About CMMC

Frequently Asked Questions

Now that CMMC 2.0 is published, will companies be required to comply with CMMC 1.0?

The interim DFARS rule established a five-year phase-in period, during which CMMC compliance is only required in select pilot contracts, as approved by the Office of the Under Secretary of Defense for Acquisition and Sustainment (OUSD(A&S)). The Department does not intend to approve inclusion of a CMMC requirement in any contract prior to completion of the CMMC 2.0 rulemaking process.

Once CMMC 2.0 is codified through rulemaking, the Department will require companies to adhere to the revised CMMC framework according to requirements set forth in regulation.


When will CMMC 2.0 be required for DoD contracts?

The publication of materials relating to CMMC 2.0 reflect the Department’s strategic intent with respect to the CMMC program; however, CMMC 2.0 will not be a contractual requirement until the Department completes rulemaking to implement the program. The rulemaking process and timelines can take 9-24 months. CMMC 2.0 will become a contract requirement once rulemaking is completed.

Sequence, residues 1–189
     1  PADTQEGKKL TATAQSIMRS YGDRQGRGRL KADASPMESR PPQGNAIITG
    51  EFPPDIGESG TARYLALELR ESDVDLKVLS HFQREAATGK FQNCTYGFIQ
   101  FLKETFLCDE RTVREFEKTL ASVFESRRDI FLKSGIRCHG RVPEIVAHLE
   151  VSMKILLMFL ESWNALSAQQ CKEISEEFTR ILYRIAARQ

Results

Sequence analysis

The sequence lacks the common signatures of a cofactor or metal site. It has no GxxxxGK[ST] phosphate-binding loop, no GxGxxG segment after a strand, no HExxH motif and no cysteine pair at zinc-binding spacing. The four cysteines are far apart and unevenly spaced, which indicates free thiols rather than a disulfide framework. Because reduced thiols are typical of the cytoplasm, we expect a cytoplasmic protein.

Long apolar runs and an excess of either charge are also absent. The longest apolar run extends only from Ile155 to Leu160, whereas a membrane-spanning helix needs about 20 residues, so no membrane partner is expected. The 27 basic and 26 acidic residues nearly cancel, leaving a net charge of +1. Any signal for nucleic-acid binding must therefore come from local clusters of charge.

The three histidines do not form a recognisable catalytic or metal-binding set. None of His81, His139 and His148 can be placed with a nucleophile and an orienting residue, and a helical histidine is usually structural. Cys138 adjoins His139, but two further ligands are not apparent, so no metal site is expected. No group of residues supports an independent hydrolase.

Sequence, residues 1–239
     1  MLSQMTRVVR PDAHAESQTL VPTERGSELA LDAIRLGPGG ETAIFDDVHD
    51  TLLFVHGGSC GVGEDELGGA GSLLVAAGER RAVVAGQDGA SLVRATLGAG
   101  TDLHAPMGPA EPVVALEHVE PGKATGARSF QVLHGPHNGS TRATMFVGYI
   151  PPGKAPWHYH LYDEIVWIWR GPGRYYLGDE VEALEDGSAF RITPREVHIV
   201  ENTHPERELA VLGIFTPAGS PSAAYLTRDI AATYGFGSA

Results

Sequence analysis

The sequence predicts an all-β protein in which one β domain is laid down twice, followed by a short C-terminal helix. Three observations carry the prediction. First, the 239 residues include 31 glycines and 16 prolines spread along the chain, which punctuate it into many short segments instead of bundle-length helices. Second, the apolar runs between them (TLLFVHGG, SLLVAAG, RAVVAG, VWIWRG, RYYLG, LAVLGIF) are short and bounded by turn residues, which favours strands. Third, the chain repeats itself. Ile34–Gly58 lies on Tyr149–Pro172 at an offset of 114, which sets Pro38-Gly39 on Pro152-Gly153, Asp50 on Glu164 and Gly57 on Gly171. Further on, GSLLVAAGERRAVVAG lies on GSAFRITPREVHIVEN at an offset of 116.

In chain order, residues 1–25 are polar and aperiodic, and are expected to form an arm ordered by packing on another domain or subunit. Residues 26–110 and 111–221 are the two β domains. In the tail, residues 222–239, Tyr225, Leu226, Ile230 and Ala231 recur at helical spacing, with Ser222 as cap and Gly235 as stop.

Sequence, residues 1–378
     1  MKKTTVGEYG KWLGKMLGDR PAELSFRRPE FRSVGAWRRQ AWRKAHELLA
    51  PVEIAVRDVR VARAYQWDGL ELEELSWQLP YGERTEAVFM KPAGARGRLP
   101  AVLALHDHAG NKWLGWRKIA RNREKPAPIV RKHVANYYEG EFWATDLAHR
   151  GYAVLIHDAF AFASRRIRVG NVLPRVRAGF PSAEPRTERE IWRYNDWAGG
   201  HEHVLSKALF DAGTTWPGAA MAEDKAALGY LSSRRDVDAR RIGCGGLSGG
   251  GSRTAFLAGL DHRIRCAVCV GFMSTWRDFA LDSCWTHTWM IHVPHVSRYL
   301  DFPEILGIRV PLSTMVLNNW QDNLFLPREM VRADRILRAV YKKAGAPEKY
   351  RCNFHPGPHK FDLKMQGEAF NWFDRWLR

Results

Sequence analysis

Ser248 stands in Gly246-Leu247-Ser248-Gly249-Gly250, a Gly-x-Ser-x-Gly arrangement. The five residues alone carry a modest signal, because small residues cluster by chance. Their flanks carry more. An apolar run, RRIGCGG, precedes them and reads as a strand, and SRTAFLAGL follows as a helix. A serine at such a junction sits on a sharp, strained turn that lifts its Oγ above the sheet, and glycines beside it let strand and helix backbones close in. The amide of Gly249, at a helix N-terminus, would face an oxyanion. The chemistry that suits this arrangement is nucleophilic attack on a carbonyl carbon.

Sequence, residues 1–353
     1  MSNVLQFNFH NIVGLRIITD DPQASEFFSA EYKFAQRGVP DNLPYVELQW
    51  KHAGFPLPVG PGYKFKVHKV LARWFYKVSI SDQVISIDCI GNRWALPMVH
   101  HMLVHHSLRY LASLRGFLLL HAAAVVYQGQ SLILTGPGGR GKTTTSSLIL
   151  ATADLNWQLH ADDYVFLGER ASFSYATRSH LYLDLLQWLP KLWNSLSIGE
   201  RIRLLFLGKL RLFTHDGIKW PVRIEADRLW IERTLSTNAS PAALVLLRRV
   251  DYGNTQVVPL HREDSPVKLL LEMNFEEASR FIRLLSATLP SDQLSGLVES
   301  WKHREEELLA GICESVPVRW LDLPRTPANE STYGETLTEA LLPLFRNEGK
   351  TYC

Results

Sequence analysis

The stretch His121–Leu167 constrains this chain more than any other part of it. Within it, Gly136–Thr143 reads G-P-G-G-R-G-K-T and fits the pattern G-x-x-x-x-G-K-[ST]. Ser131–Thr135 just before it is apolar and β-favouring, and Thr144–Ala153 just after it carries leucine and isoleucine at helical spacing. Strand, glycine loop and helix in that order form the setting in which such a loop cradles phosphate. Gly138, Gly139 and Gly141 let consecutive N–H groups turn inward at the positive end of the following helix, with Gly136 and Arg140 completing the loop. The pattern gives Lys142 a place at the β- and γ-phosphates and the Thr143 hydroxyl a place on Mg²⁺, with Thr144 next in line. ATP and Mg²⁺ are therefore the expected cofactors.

Why did the Department make these changes?

The Department values feedback from industry, Congress, and other stakeholders and received over 850 public comments in response to the interim rule establishing CMMC 1.0. These comments focused on the need to enhance CMMC by (1) reducing costs, particularly for small businesses; (2) increasing trust in the CMMC assessment ecosystem; and (3) clarifying and aligning cybersecurity requirements to other federal requirements and commonly accepted standards. CMMC 2.0 was designed to meet these goals, which also contribute toward enhancing the cybersecurity of the defense industrial base.


How much will it cost to implement CMMC 2.0?

The Department will publish a comprehensive cost analysis associated with each level of CMMC 2.0 as part of rulemaking. Costs are projected to be significantly lower relative to CMMC 1.0 because the Department intends to (a) streamline requirements at all levels, eliminating CMMC-unique practices and maturity processes, (b) allow companies associated with the new Level 1 (Foundational) and some Level 2 (Advanced) acquisition programs to perform self-assessments rather than third-party assessments, and (c) increase oversight of the third-party assessment ecosystem.


Cybersecurity is a top priority for the Department of Defense.